In 1989, Mario Graziano and his wife Maria went from running a butcher shop in Buenos Aires to opening a market on Coral Way. Three generations on, the family's multiple restaurants and mercados are some of the best local Argentine spots to experience what parrilla is all about. Locals pack the markets to order from an affordable menu of pasta, panini, steaks, and more than 20 varieties of empanadas as well as purchase Malbec and other wines by the bottle. At the restaurants, some of the most popular dishes are beef rib-eye carpaccio with Worcestershire mayo ($18), wild-caught Madagascar giant prawns ($15 each), and sausages of spicy wild boar, lamb, and pheasant flambéed with cognac ($19). Standout entrées are Patagonian lamb ($39), short ribs slowly grilled for three hours over quebracho wood ($42), hand-cut tenderloin in a Malbec reduction with mushrooms ($39), and bucatini cacio e pepe ($19). Save room for torta balcarce, a traditional Argentine cake, with merengue, peaches, and coconut shavings ($12); or dulce de leche panna cotta ($11).
1685 Collins Ave., Miami Beach
Hotel restaurants can be stuffy and impersonal, but the warm service and scent of meat sizzling on the outdoor plancha at Leynia inside the Delano will transport you to a family cookout in the middle of the Pampas. Covered patio seating overlooks the hotel's picture-perfect garden, where the grillmaster sprinkles meats with salt before they are brought to your table still hot from the flames. Dishes are served family-style, and favorites include grilled octopus with harissa aioli and smoked paprika ($24), Patagonian lamb with salsa griega ($32), churrasco ($24), and rib-eye with chimichurri ($42). Chef Jose Icardi hails from Buenos Aires, but his food also draws on influences from his travels to Japan, so you can go beyond meat via options such as sea bass with miso marinade and green grapes ($32), tuna pizza ($26), and melted provolone cheese with pickled baby pear ($24). Standout desserts are lemon and champagne sorbet ($16) and chocotorta, made with a chocolate cookie, honey cream, and house-made dulce de leche ($13).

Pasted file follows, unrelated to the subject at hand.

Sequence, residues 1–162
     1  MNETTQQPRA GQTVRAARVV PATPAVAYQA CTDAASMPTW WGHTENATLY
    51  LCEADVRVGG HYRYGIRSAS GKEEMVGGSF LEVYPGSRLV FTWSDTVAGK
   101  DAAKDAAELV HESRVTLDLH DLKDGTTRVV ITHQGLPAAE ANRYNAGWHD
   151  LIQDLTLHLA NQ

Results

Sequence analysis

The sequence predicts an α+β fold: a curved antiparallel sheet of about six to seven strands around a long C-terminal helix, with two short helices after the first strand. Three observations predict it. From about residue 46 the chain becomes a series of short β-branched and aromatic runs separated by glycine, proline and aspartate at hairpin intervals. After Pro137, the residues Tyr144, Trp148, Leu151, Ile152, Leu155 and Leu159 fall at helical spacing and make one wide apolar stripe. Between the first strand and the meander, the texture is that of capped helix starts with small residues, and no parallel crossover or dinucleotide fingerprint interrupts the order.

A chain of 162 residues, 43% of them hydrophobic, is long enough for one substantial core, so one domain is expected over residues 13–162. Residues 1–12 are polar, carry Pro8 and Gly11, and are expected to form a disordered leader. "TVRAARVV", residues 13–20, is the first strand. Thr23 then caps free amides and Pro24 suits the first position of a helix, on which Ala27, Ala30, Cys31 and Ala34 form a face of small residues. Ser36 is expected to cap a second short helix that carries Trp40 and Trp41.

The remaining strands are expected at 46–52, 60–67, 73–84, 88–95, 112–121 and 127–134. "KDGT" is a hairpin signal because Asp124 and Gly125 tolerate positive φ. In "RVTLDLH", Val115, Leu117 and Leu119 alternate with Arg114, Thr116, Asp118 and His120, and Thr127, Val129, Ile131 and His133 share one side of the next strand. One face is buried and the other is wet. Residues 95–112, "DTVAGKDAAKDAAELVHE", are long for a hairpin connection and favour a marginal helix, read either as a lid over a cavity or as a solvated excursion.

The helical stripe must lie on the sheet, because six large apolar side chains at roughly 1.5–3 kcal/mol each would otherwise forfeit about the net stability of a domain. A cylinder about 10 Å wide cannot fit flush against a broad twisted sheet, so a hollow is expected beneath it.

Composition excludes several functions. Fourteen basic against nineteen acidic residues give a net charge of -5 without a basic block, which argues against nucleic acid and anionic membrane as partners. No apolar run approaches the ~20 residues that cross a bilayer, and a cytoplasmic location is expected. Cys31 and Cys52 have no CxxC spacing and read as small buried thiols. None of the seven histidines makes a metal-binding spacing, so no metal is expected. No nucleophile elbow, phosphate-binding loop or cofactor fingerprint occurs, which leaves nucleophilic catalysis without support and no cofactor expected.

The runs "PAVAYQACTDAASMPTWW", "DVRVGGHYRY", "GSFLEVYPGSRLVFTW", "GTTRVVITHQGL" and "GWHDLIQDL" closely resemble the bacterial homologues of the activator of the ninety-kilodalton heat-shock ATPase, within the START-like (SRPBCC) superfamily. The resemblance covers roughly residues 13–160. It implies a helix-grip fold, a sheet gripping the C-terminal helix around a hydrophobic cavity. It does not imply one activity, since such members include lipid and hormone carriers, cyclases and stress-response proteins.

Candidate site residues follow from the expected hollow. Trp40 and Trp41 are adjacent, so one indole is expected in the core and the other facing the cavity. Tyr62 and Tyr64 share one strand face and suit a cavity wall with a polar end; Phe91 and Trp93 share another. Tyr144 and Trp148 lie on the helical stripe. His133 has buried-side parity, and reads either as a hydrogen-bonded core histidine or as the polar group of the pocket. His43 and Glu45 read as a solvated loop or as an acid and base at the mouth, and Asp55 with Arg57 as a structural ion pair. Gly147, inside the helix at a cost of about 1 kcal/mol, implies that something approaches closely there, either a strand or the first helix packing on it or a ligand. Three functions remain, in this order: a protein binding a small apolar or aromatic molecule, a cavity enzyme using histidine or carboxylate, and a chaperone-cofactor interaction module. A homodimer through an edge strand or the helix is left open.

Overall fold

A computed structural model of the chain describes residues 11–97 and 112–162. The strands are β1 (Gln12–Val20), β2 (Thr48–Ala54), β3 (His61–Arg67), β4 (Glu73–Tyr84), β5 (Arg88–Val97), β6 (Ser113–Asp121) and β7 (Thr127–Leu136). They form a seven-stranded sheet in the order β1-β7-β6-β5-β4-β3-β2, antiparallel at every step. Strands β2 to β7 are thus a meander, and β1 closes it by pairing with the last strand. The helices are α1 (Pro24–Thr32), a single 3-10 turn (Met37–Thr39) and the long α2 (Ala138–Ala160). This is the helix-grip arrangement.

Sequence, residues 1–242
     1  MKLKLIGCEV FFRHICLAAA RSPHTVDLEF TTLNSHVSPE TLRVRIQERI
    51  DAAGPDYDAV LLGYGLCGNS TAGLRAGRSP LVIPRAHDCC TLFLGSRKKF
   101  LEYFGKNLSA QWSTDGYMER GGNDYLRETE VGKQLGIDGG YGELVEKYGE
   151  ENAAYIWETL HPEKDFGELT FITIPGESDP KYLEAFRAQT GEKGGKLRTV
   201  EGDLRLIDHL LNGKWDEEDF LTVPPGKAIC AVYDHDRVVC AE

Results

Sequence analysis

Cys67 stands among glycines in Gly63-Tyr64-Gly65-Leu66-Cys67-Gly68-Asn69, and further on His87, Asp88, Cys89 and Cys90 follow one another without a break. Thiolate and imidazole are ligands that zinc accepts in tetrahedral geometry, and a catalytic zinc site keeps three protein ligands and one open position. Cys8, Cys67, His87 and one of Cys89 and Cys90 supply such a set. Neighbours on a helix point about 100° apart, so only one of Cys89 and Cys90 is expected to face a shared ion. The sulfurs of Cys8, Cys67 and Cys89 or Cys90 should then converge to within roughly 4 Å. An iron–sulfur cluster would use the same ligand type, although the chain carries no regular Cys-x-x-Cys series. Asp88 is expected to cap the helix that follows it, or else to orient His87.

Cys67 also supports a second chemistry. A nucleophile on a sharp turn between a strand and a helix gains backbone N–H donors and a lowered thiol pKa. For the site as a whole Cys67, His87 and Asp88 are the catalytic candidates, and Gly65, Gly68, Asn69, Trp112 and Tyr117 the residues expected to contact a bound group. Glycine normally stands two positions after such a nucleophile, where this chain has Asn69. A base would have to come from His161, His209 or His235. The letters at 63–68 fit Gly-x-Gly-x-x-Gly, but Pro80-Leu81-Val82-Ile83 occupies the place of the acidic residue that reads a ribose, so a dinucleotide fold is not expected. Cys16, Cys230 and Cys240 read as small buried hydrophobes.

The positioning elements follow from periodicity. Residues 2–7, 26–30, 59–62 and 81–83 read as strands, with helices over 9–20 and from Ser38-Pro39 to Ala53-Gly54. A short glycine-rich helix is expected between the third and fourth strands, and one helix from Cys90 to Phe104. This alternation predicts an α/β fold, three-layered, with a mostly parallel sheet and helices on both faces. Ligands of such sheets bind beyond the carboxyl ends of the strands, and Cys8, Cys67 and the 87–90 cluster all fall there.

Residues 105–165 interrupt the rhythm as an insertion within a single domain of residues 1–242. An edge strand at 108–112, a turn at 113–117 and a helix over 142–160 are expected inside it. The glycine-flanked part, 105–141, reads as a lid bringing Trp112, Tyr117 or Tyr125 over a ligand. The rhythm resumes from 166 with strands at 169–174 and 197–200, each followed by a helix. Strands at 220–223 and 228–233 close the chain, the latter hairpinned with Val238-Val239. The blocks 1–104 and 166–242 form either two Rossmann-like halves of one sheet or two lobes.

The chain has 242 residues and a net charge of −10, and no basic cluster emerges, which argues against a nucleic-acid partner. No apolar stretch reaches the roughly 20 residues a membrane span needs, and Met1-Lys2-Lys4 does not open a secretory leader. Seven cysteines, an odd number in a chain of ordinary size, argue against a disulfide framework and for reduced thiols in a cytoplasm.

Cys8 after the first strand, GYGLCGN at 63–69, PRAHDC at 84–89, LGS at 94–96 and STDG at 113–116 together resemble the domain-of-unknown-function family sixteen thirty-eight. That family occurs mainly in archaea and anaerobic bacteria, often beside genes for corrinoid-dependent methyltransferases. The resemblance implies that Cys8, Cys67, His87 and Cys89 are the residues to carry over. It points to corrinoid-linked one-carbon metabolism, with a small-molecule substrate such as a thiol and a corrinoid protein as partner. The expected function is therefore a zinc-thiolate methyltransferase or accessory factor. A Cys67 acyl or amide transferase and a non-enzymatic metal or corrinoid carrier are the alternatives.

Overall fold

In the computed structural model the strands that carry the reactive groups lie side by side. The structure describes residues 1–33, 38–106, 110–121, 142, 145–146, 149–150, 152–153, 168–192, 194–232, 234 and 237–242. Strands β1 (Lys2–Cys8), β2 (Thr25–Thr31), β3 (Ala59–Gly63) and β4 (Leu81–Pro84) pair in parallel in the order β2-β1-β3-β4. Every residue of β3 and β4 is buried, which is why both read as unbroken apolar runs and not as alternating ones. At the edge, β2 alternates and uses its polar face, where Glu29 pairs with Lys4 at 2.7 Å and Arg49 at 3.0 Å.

Lo de Lea Argentinean Grill
7001 Biscayne Blvd, Miami